To summarize, when the couple is at an impasse look for:

Who is making the request?
What do they desire, specifically?
What does the desire symbolize to them?
What are the benefits for each person if they get what they desire?
How they can make it easier for the partner to give them what they want?

Other questions you can ask are: Why do you want what you want? How have you gone about getting it? Why have you done it that way? How easy or difficult do you think it is for your partner to respond to you? These questions help the client move beyond passive behavior and begin making their life better.


Ellyn Bader, Ph.D., is Co-Founder & Director of The Couples Institute and creator of The Developmental Model of Couples Therapy. Ellyn is widely recognized as an expert in couples therapy, and since 2006 she has led innovative online training programs for therapists. Professionals from around the world connect with her through internet, conference calls and blog discussions to study couples therapy.

Ellyn’s first book, "In Quest of the Mythical Mate," won the Clark Vincent Award by the California Association of Marriage & Family Therapists for its outstanding contribution to the field of marital therapy and is now in its 18th printing. She has been featured on over 50 radio and television programs including "The Today Show" and "CBS Early Morning News," and she has been quoted in many publications including "The New York Times," "The Oprah Magazine" and "Cosmopolitan."

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A Glossary of Terms that are sometimes Confusing

Couples Therapy is a counseling procedure that seeks to improve the adjustment of two people who have created an interdependent relationship. There are no standard procedures to help two people improve their adjustments to each other. Generally, a more experienced therapist will offer more perspectives and tools to a couple. Length of treatment will depend on severity of problems, motivation and skills of the therapist. A couple can be dating, living together, married or separating and may be gay, lesbian or heterosexual.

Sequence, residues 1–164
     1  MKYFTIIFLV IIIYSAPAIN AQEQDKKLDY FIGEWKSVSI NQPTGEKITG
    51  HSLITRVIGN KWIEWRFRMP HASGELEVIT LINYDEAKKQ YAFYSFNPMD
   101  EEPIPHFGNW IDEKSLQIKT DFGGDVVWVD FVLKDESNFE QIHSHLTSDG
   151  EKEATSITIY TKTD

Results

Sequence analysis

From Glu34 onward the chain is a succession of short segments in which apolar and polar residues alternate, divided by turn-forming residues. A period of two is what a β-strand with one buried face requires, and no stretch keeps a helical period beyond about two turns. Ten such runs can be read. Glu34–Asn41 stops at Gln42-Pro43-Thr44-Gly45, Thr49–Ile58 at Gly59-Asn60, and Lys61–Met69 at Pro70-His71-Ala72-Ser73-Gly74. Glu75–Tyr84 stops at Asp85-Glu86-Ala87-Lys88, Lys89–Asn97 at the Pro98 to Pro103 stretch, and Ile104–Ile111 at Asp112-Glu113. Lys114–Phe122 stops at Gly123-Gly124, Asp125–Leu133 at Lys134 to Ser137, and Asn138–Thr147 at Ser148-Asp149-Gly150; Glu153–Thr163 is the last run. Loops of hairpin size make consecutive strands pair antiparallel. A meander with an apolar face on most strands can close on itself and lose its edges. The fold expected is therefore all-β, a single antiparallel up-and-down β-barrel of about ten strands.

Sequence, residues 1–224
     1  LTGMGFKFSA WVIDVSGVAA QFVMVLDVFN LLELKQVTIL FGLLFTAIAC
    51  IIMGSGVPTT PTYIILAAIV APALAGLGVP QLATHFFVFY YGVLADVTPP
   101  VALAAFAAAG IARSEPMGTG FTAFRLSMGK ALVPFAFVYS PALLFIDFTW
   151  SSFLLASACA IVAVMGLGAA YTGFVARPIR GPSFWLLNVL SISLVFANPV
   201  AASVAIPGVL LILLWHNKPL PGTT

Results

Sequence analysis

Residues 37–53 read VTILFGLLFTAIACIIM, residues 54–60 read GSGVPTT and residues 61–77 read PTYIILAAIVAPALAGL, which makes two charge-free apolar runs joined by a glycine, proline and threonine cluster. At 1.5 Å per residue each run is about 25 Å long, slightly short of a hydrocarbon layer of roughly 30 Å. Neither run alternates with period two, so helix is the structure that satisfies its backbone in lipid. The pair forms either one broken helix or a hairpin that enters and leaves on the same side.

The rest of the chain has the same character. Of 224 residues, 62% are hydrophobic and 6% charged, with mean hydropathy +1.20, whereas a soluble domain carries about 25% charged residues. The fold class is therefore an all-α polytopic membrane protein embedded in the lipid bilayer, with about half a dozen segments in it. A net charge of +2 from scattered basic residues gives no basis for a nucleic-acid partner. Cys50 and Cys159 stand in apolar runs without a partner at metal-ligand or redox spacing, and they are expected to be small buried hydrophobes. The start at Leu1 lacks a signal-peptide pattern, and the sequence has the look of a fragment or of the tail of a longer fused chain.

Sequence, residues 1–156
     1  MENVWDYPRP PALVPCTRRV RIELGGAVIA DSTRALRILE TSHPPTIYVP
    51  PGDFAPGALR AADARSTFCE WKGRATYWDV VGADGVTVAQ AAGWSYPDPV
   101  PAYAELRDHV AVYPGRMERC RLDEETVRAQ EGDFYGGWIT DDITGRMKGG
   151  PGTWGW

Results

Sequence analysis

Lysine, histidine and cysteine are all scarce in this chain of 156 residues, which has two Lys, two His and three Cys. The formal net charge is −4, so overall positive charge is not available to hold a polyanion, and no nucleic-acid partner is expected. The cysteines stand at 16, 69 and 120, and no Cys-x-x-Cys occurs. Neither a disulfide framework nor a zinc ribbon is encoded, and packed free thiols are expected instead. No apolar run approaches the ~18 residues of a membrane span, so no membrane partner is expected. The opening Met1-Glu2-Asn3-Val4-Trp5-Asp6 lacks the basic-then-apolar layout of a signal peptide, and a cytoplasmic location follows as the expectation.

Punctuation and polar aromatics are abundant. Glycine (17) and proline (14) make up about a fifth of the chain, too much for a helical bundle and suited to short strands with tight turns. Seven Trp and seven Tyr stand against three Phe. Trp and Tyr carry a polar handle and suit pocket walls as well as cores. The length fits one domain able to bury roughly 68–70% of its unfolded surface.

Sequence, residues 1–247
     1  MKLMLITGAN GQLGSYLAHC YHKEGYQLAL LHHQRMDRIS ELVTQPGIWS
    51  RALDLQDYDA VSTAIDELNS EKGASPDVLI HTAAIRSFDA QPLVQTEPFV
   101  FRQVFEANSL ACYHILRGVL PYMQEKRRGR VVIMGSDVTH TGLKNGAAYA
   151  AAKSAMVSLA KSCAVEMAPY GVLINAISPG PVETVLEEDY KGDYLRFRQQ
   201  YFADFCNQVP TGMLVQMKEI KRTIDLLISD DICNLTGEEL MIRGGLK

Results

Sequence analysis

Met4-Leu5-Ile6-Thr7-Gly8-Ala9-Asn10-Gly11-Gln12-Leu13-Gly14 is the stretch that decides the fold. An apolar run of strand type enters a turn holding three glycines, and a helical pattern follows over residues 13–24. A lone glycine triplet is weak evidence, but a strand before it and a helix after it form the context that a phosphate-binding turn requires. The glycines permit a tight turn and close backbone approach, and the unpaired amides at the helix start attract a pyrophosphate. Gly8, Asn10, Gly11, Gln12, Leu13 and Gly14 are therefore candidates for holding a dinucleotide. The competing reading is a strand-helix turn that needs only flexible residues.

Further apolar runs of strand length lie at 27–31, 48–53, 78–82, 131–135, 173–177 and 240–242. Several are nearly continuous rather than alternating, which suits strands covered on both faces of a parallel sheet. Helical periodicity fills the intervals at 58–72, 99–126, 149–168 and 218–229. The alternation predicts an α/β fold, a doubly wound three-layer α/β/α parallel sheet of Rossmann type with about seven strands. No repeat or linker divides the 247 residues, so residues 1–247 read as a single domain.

Marriage Therapy is a term often used interchangeably with marriage counseling. The term marriage implies two people have created a union sanctioned by a government or religious institution. The methods used in marriage counseling, marriage therapy and couples therapy are interchangeable and depend more on the specific challenges of each unique couple.

Psychotherapy is one or more processes to help improve psychological and emotional functioning. Examples are psychoanalysis, cognitive therapy, behavior therapy, Gestalt therapy, Transactional Analysis, Rational-Emotive therapy, or group therapy. Many forms of psychotherapy are blends of different approaches. For example, newer forms of psychotherapy called energy psychology draw upon recent advances in brain and neuroscience. These approaches often build on cognitive behavioral methods.

Clinical Psychologist. After graduating from college, it usually takes about five years of graduate school to get a Ph.D. in Psycholgy. It then requires an additional two years of supervision and passing a written (and often) an oral exam. There are a few states that allow psychologists to prescribe medications (with additional training) but that is uncommon.

Psychiatrist. After graduation from medical school, there is a generally a 4-year psychiatric residency. After the completion of this training, psychiatrists must pass an exam issued by the American Board of Psychiatry and Neurology to obtain certification and legally practice in the field. Psychiatrists can prescribe medications.

Clinical Social Worker. This profession usually requires two years of study after obtaining an undergraduate degree. While specific licensure requirements vary by state, most require clinical social workers to obtain 3,000 hours or 2 years of supervised clinical experience, after obtaining a Masters degree. Social workers can also specialize in diverse fields such as human services management, social welfare analysis, community organizing, social and community development, and social and political research.

Marriage and Family Therapist. Obtaining this license requires a Masters degree which takes approximately two years of post graduate study. The license also requires 3000 hours of supervised work and passing written exams.

The Couples Institute. We have assembled a group of top notch therapists at The Couples Institute. Whatever marriage help or marriage advice you are looking for, we are here to serve you. While most other therapists see only a few couples a week, we specialize in marriage and couples relationships, working to develop and bring you the most current and effective approaches to couples therapy. For more information about couples therapy or marriage counseling, see our couples therapy section.